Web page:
Bruins disagree with length of Paille suspension

Bruins disagree with length of Paille suspension

By Danny Picard

WILMINGTON -- Daniel Paille thought it was a clean hit. Claude Julien thinks Raymond Sawada should have had his head up coming over the blue line. And Peter Chiarelli believes the four-game suspension that the NHL hit Paille with on Friday for Thursday's hit on Sawada, was a little too harsh.

"I thought it was a little stiff," said the Bruins' general manager after Friday's practice at Ristuccia Arena. "We felt that Paille tried to square up, and circle around Sawada. In fact, if you look at the footage, Sawada was at one point, two or three feet ahead of Paille, and circled back . . . thought it was a little stiff. I thought maybe one or two games.

"There should have been punishment, don't get me wrong," added Chiarelli, pointing out that the hit did take place in a blind spot on the ice, around the same area that Savard was hit last winter in Pittsburgh. "There should have been punishment on this. I thought it should have been less than four games."

As Sawada took the puck over the blue line from the left wing, he cut into the middle of the ice, and Paille came streaking from the right side, and came up high on the Stars' forward, causing the officials to eject Paille from the game.

Chiarelli sat in Friday morning's league hearing with Paille, and each side gave their view of the hit.

Having Marc Savard out of the lineup once again, mainly because of a brutal hit he took to the head from Matt Cooke last winter, Chiarelli and Julien both made it known on Friday that they fully support the league's stance on cutting down head shots.

"They're sending strong messages, and I'm not opposed to that," said Chiarelli. "This thing is a hot issue, and rightfully so. Part of me, deep down, thought that something like this might come down, and it did."

Both believe that there's no place in the game for "blind-sided hits," but both also believe that this one could have possibly been prevented, on Sawada's end.

"There's a lot of responsibility that's taken off the player that's getting hit, now," said Julien after Friday's practice, re-iterating his stance on Thursday night that Sawada had his head down. "So until the players themselves, in their minds, start thinking about stop putting themselves in vulnerable positions, whether it's playing with your head down, whether it's being by the boards and seeing that you're going to get hit and turning your back, or whatever the case may be, I think if the players start taking that responsibility, I think it's going to minimize a lot of these things.

"To me, I think that, until the players really take that upon themselves, you're still going to get those things happening. We can minimize that, if they do their part. That's my opinion.

"Once you're in the pros, you've been told for many, many years, not to play with your head down," said Julien. "So if he hasn't learned by now, he shouldn't be in the pros. Again, I'm stating my opinion."

Paille knows how sensitive the league's head-shot rule is, and he said he feels like he's being made an example of, because he thought his hit was clean.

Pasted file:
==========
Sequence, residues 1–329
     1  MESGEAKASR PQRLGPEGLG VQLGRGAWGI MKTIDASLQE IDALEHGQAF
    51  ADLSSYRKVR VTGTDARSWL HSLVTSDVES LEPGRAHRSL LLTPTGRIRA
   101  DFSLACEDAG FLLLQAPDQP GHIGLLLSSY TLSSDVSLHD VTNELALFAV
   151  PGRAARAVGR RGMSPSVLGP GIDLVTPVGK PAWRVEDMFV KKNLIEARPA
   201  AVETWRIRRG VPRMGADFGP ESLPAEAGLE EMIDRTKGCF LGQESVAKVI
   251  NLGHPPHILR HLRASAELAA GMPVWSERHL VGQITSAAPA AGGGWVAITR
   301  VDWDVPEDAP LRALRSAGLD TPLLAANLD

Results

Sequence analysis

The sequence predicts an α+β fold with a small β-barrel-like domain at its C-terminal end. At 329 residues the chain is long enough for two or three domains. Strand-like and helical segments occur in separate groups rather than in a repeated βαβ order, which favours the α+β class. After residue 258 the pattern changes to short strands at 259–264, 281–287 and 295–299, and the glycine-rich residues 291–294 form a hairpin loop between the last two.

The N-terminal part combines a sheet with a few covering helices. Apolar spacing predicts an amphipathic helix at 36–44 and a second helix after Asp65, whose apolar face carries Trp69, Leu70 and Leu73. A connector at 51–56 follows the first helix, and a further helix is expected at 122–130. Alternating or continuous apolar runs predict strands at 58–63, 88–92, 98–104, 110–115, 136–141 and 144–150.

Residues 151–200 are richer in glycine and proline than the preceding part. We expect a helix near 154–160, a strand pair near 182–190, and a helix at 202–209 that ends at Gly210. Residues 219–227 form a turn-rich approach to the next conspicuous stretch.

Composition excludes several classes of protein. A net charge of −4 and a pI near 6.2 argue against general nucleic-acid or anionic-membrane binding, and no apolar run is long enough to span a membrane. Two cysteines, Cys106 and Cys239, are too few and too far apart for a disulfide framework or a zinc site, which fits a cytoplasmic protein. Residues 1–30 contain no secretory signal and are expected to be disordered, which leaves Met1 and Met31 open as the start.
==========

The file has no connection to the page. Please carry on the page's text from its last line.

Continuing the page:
"Obviously it was a fast-paced play, and I just recognized that Sawada was going on a breakaway, and I just went over there to back-check and get the puck, but he cut back through the middle," said Paille, who said he was expecting a two-game suspension, not a four-game. "If you look at the play, I'm ahead of him. When I hit him, I felt that I hit his shoulder at that moment. And looking at the replay, I felt that he kind of turned towards me, so I finished my check. I felt that I hit him in the shoulder.

Sawada suffered a broken nose and a sore shoulder on the hit, and Paille has yet to get in touch with him.

If he does get in touch with Sawada, Paille's message will be clear: there was no intent to injure, because he still feels it was a clean hit.

"I know that a lot of the guys on the team here know me and understand me, and agree with me," said Paille, even though Bruins defenseman Andrew Ference was quick to call it a "bad hit" after Thursday's game. "Just looking at the replay over and over, I feel that I see the shoulder hitting the shoulder."

--Marc Savard was scheduled to meet with team doctors on Friday. Chiarelli said there wouldn't be an update for a few days, as he is also scheduled to meet with Savard and his agent over the weekend.

--Call-up Zach Hamill will get a look on Saturday in the Bruins lineup against the San Jose Sharks. During Friday's practice, he centered a line with Blake Wheeler and Michael Ryder, while Tyler Seguin moved down to the wing with Gregory Campbell and Shawn Thornton.

Chiarelli said that as of right now, Hamill is just "getting a look" and that it could possibly end up being more than that.

--Thornton left practice early on Friday, but Julien said he'll be playing on Saturday against the Sharks.

"Let's put it this way, he wasn't 100 percent, and I told him to get off," said Julien. "There are banged up players at this time of year, but not banged up enough to miss a game, but certainly want to give him the best opportunity to be ready for Saturday."

Danny Picard is on Twitter at http:twitter.comDannyPicard. You can listen to Danny on his streaming radio show I'm Just Sayin' Monday-Friday from 9-10 a.m. on

Only five games into season, Bruins already sending off bad vibes


Only five games into season, Bruins already sending off bad vibes

LAS VEGAS -- Even though it's only five games into a new regular season, it feels like the Bruins are in danger of going off the tracks.

They finished their three-game Western road swing Sunday with an aimless 3-1 loss to the expansion Golden Knights, which came on the heels of a wretched defeat in Colorado and a victory over the winless Coyotes. Sunday was particularly disheartening, as they never tested their ex-goalie, Malcolm Subban, putting only 21 mostly harmless shots on net against a player they gave away on waivers just a few weeks ago,

They may only have three losses in five games, but it sure feels like there's trouble starting to brew in Bruins land.